Is your yarn stash full of single skeins and partial skeins that you’ve been putting off using? These take up a lot of space and can prevent you from buying the yarn that you really want. That’s what today’s Spring Cleaning Challenge is all about — finally making your way through those skeins you’ve had forever.
Stocking up on yarn can be a good idea, but sometimes you just aren’t inspired by what’s in your stash — and then you can’t justify getting yarn that does make you yearn to create new things. We have the solution: a simple plan for de-stashing your yarn to make space for more creativity!
Step 1: Organize your yarn
Before you can use up all of your extra yarn, you need to know what you are working with. First things first: Take all of the yarn out of every nook and cranny where it is stashed and lay it out for your eyes to see.
First, separate the awkward bits of scrap yarn (you can get our tips for using up those here). Today, we’re only working with the full or partial skeins that you can really make something with.
Organize all the yarn by the following categories:
- Fiber type. Put the cotton with the cotton, the wool with the wool, T-shirt yarn with other T-shirt yarn.
- Weight. Within each category, further separate the items by weight. For example, you’ll sort wool into bulky wool, worsted weight wool, DK weight wool, etc.
- Color. Now you have piles of like-with-like. If you still have a lot of yarn in each pile, then you can further separate each pile into colors. For example, separate your worsted weight wool by color so each pile is a different color of worsted weight wool.
Almost all knit and crochet projects use the same fiber and weight throughout the project, which is why you want to separate the yarn this way.
Image via Craftsy member JillPoof
Step 2: Brainstorm project ideas
After sorting, you may discover that you have enough of one type of yarn to make a whole project. (Not sure if your yarn goes together? Get some tips from our guide to yarn substitution.)
When you decide on project ideas, organize each yarn set by placing it in a bag along with a pattern or a note. For example, put all of that worsted weight white wool yarn in one bag with a label noting what you want to make with it.
Make sure these are WIPs that you’ll really make, and create a plan for working through them. Then let’s deal with the rest of that yarn.
Schachenmayr Bravo Yarn
Step 3: Donations
Take a look at what is left in your yarn pile. Gaze across it with an eye toward yarn that makes you think, “yuck.” If the yarn doesn’t inspire you, there is no point in keeping it!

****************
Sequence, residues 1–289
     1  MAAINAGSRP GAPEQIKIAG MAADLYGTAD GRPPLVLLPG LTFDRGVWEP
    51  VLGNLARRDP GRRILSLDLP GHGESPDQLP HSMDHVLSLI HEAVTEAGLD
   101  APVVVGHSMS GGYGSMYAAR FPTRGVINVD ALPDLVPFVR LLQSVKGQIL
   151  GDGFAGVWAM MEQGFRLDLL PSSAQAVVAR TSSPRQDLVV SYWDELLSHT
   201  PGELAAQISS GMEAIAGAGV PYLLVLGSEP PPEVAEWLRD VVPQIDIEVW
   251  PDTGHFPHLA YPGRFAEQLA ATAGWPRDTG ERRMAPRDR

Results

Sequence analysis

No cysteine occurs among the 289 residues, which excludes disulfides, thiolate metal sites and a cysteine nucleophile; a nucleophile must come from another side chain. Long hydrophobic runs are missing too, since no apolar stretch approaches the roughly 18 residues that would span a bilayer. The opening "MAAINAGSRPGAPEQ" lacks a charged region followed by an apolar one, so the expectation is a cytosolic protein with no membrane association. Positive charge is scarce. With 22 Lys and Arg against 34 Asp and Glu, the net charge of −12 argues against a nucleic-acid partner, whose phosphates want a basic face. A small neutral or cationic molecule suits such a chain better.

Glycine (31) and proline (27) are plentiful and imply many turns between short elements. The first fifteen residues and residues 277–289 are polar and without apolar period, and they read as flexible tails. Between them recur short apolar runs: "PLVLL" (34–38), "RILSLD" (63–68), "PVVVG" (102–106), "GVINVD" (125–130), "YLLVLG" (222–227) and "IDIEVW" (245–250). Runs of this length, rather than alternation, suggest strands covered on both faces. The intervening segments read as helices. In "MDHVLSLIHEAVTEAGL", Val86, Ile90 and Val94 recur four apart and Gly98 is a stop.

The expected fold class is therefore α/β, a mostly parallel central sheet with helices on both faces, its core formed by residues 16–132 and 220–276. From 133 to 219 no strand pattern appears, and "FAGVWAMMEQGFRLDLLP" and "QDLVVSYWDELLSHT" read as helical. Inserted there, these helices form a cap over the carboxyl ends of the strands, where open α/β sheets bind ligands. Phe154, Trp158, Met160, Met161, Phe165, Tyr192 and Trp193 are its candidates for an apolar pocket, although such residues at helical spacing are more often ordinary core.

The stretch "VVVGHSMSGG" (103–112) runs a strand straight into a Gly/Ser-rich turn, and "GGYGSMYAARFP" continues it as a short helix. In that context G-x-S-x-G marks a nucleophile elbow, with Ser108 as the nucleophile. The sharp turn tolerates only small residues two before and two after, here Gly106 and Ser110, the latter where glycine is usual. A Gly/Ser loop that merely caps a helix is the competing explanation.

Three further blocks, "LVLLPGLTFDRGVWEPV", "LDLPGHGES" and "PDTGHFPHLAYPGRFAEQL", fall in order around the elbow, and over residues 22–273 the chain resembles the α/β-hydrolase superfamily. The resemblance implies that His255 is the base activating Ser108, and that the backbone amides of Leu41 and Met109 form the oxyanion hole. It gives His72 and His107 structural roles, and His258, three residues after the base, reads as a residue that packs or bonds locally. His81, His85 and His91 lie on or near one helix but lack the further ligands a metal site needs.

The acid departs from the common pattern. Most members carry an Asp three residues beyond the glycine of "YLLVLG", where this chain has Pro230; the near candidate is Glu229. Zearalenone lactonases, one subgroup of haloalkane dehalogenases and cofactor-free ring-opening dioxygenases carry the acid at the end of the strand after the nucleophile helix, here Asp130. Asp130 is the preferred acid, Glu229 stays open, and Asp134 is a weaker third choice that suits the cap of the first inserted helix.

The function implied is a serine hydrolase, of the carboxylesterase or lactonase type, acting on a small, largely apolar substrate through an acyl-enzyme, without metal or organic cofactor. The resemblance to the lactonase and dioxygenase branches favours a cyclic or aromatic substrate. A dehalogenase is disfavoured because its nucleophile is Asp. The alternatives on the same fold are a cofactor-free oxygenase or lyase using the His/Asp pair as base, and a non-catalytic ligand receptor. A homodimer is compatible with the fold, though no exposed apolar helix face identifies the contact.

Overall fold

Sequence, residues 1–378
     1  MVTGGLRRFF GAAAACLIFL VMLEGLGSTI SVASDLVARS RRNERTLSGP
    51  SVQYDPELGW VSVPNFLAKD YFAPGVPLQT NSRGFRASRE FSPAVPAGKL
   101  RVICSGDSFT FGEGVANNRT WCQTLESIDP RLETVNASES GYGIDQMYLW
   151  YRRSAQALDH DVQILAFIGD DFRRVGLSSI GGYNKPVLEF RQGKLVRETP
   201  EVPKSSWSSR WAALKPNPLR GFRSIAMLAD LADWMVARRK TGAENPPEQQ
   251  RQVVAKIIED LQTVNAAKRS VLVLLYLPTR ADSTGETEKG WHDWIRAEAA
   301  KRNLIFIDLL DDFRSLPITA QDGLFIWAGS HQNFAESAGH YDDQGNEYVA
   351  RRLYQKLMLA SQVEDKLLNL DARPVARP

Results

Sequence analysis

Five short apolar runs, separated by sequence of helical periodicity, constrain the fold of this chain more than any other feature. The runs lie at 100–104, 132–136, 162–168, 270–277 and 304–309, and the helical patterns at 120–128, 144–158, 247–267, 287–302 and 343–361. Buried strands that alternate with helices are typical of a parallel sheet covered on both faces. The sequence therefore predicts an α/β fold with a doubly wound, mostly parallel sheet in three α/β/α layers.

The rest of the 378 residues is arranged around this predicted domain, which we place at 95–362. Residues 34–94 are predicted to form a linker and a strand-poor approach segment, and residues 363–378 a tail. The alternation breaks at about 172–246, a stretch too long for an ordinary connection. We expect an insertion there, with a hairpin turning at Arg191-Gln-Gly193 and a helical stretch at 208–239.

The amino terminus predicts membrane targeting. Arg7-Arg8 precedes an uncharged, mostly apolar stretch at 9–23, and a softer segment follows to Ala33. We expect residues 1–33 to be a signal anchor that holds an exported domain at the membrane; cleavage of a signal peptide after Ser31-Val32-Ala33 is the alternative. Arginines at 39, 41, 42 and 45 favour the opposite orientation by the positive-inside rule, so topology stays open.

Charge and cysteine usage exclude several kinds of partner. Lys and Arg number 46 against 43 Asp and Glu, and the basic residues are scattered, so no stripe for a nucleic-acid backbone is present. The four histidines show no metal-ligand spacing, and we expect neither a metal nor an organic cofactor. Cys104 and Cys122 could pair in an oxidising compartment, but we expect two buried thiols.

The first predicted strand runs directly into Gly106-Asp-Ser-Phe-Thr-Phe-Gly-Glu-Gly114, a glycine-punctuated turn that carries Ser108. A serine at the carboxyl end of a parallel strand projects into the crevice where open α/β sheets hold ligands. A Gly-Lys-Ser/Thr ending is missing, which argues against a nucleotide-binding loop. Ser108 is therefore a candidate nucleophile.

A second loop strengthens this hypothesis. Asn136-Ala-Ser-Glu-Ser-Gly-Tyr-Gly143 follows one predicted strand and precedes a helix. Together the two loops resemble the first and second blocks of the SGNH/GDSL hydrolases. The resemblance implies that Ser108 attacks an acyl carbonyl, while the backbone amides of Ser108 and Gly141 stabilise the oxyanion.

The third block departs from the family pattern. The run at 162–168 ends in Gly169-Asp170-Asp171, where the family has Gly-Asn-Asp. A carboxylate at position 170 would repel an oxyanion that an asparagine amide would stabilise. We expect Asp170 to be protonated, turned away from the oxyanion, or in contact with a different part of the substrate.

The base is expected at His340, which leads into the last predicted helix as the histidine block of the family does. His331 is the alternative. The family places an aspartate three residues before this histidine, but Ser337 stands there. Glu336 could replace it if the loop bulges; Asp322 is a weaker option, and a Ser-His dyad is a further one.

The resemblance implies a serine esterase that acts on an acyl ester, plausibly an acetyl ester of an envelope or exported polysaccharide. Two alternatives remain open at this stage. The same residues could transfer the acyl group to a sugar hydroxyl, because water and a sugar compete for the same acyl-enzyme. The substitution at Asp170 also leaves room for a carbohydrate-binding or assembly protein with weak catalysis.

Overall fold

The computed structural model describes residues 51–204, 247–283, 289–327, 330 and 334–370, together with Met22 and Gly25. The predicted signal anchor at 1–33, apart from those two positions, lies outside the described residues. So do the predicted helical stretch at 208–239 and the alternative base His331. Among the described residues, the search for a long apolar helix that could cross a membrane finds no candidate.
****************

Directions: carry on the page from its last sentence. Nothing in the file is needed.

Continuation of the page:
Make space for better yarn by donating the yarn that you really don’t enjoy. It may be an entire fiber type or it may be a certain color. Be honest with yourself about what you don’t like.
Put all of the “yuck” yarn, regardless of where you got it or how costly it was, in a bag. As soon as possible, donate this yarn to someone who will use it. Schools and church groups are examples of places that accept yarn donations.
Rowan Alpaca Colour Yarn
Step 4: One-skein projects
By this step, you’re left with a bunch of single skeins of yarn (or mostly full skeins), so it’s time to start looking for one-skein knit or one-skein crochet projects that inspire you to use up this yarn. Browse through patterns, find a pattern for each yarn and add a label to that yarn with information about where to find that pattern. Begin working through these one-skein WIPs steadily until you’ve completed all of them. This is a great way to get a lot of holiday gifts made!
Image via Craftsy member Leila Cook
Step 5: Small yardage projects
You may still have some yarn left over that has enough yardage to make it worthwhile to you to keep it but not enough to use on a one-skein project. It’s time to look for knit and crochet projects that use a tiny bit of yarn — projects that use 25 yards of yarn or less. Here are some ideas:
Image via Craftsy member TheCrochetCrowd
Step 6: Final scrap yarn projects
After all of this, if you still have some yarn left, it’s time to combine it all into one project. You may opt to make one scrap project that uses every yarn or one project for each yarn type, depending on how you feel about mixing fiber.
Need more ideas for using up scraps? Go back to our tips from Day 3.
The task may feel daunting now, but it will feel so good to get all of that old yarn out of your home. You’ll have a lot of tangible projects that show off your talents and skills to show for it, and you will have a lot of space to fill up with new yarn that makes you want to make something new!